With the Stamp Duty surcharge coming into effect today, we look back at the key points from the Budget 2016 affecting the UK property market.
- The planned stamp duty surcharge on purchases of additional property, to include those who buy more than 15 properties. Previously if you owned more than 15 properties you were exempt from the surcharge.
- An 3% surcharge will be applied to residential stamp duty rates on all purchases of property not intended as the buyer’s main residence, from today, 1st April 2016.
- The threshold at which people pay 40% tax will rise from £42,385 to £45,000 in April 2017 and personal allowance up to £11,500.
- 0.5% rise in insurance premium tax.
- Commercial stamp duty
0% rate on purchases up to £150,000,
2% on next £100,000 and
5% top rate above £250,000.
New 2% rate for high-value leases with net present value above £5m
Other issues to consider from previous budgets
- Withdrawal of interest relief
Under current rules, taxable profits are reduced by interest on money borrowed for the purposes of the letting business. Phased in over a four year period starting with the 2017/18 tax year, UK taxpayers will no longer be able to deduct interest in calculating taxable rental profits. Instead, landlords will obtain a reduction in tax equal to basic rate tax on any interest borrowed.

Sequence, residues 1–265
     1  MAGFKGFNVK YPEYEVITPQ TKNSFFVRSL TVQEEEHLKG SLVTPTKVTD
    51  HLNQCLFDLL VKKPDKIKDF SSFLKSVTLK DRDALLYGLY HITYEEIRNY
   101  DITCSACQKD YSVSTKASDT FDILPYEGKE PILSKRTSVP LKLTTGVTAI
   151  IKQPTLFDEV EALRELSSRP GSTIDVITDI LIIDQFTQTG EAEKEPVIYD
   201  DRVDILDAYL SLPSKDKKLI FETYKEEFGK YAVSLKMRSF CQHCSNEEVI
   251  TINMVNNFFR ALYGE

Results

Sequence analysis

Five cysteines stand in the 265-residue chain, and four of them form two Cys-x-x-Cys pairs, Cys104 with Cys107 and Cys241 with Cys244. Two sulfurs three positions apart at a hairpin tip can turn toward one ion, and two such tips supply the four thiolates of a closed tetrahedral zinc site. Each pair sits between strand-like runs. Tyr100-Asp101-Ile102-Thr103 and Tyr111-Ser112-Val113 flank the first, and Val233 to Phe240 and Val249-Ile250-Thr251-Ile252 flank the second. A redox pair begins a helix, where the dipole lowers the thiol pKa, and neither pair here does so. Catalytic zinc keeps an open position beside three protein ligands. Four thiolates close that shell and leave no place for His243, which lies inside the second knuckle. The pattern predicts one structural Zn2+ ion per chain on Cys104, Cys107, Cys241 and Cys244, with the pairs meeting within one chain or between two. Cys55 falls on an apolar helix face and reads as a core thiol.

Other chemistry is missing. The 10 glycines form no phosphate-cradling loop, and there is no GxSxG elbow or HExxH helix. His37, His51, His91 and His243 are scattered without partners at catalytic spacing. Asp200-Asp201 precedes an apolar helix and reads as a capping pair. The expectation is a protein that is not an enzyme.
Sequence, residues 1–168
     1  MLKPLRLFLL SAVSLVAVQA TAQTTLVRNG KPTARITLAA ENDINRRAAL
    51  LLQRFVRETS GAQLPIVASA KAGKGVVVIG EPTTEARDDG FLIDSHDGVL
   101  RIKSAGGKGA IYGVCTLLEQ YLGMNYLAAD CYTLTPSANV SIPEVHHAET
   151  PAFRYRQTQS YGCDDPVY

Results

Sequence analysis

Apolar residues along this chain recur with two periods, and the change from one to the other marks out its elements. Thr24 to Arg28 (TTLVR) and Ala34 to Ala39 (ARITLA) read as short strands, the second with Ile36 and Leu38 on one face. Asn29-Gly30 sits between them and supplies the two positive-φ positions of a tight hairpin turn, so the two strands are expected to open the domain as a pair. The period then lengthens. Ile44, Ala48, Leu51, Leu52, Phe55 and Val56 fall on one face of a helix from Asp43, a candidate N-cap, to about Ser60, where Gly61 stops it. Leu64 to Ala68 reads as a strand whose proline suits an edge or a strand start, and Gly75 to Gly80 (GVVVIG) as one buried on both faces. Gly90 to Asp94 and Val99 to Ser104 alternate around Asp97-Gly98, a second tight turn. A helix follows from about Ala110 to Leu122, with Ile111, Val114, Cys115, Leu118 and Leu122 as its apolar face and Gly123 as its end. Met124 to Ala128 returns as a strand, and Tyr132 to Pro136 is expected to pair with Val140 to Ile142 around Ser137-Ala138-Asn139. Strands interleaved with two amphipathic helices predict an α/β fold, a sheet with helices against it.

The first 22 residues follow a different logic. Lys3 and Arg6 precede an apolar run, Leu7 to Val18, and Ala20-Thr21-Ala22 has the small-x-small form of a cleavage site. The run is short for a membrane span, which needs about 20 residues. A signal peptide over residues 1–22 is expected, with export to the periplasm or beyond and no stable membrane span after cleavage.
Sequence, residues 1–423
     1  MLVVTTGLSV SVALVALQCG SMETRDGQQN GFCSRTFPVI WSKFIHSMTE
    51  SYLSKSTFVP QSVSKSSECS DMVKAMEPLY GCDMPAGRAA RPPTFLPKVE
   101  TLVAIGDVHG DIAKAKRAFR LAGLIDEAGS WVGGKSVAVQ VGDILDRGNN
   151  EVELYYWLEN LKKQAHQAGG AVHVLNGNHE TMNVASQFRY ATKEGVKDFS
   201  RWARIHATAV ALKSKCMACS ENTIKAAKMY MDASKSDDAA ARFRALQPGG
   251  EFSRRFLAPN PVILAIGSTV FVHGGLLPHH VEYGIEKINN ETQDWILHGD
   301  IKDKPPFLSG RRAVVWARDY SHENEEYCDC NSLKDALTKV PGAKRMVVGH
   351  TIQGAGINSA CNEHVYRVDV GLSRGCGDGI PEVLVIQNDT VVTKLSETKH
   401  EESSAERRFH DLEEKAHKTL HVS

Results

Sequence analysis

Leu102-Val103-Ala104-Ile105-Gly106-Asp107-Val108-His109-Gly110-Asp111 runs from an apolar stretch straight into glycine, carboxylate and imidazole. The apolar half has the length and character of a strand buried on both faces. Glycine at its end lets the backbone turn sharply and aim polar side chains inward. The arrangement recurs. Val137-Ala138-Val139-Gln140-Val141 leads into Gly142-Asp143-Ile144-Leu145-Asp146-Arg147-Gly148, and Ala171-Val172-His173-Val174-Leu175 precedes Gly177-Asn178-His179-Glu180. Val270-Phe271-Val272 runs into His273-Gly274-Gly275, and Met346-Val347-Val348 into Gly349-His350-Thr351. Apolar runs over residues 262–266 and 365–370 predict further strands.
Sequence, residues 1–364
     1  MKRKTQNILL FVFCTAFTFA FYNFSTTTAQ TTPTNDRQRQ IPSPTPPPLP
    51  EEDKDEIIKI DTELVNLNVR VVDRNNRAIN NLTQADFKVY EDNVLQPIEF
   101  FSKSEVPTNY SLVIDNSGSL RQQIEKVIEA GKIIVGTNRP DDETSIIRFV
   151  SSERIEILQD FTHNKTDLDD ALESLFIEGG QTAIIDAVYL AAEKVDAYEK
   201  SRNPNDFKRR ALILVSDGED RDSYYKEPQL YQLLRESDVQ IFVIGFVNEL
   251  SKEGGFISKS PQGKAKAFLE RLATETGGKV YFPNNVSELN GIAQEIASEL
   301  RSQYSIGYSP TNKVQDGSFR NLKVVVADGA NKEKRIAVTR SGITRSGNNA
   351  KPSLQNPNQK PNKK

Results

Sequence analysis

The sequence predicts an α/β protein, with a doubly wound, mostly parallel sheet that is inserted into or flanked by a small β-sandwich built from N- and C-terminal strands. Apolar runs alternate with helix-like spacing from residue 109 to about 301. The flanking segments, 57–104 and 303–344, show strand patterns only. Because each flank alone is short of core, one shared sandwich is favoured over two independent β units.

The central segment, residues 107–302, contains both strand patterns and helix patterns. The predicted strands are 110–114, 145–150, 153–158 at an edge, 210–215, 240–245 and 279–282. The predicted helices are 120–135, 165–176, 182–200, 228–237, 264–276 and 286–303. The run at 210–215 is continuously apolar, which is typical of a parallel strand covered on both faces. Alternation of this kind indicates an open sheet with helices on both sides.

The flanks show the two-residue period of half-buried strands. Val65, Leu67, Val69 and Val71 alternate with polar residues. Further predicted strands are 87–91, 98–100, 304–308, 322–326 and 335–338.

The changes will be introduced gradually, so that the amount of interest which is deducted from rental profits is 75% from 6 April 2017, 50% from 6 April 2018, 25% from 6 April 2019 and 100% from 2020/21.
On the same dates, a reduction in tax will be given for the interest which has been disallowed. The tax reducer is the basic rate tax (currently 20%) multiplied by the disallowed interest. In practice the tax reducer will be 20% of 25% of interest for 2017/18, 20% of 50% of interest for 2018/19, 20% of 75% of interest for 2019/20 and 20% of the whole interest from 2020/21.
By 2020/21, a landlord who is a higher rate taxpayer will effectively only receive basic rate tax relief on mortgage interest payments.
Overall the positives for the Budget 2016 are a few; higher income tax thresholds and allowances and lower corporation tax.
The negatives are greater with the surcharges on Stamp Duty, higher insurance, and removal of interest relief.
The impact of new investors is much higher with the increases upfront Stamp Duty expense, and for those who are heavily mortgaged on their buy to let investments.
However it will take some time to effect rents and house prices, these may balance some of the additional costs for buy to let and property investors.
With interest rates still so low, property investment still out weighs leaving your money in the bank.